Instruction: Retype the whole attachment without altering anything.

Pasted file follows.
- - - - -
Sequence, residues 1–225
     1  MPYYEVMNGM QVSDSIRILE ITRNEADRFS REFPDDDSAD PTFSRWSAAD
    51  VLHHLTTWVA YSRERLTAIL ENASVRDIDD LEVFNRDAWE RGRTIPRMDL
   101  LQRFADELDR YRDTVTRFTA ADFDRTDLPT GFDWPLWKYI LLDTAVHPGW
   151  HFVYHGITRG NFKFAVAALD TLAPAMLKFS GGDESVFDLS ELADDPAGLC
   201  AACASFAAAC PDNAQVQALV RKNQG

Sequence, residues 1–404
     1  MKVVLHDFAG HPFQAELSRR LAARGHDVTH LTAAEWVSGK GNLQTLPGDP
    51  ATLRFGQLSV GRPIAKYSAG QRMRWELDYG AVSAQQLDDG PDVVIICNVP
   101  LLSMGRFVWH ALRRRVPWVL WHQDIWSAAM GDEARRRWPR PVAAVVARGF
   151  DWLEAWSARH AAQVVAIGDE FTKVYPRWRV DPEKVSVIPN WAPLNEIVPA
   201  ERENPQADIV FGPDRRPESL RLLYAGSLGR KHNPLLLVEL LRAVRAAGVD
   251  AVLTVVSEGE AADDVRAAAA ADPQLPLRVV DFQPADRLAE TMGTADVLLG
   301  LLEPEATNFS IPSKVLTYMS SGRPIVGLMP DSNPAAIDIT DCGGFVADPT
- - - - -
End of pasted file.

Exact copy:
Sequence, residues 1–225
     1  MPYYEVMNGM QVSDSIRILE ITRNEADRFS REFPDDDSAD PTFSRWSAAD
    51  VLHHLTTWVA YSRERLTAIL ENASVRDIDD LEVFNRDAWE RGRTIPRMDL
   101  LQRFADELDR YRDTVTRFTA ADFDRTDLPT GFDWPLWKYI LLDTAVHPGW
   151  HFVYHGITRG NFKFAVAALD TLAPAMLKFS GGDESVFDLS ELADDPAGLC
   201  AACASFAAAC PDNAQVQALV RKNQG

Sequence, residues 1–404
     1  MKVVLHDFAG HPFQAELSRR LAARGHDVTH LTAAEWVSGK GNLQTLPGDP
    51  ATLRFGQLSV GRPIAKYSAG QRMRWELDYG AVSAQQLDDG PDVVIICNVP
   101  LLSMGRFVWH ALRRRVPWVL WHQDIWSAAM GDEARRRWPR PVAAVVARGF
   151  DWLEAWSARH AAQVVAIGDE FTKVYPRWRV DPEKVSVIPN WAPLNEIVPA
   201  ERENPQADIV FGPDRRPESL RLLYAGSLGR KHNPLLLVEL LRAVRAAGVD
   251  AVLTVVSEGE AADDVRAAAA ADPQLPLRVV DFQPADRLAE TMGTADVLLG
   301  LLEPEATNFS IPSKVLTYMS SGRPIVGLMP DSNPAAIDIT DCGGFVADPT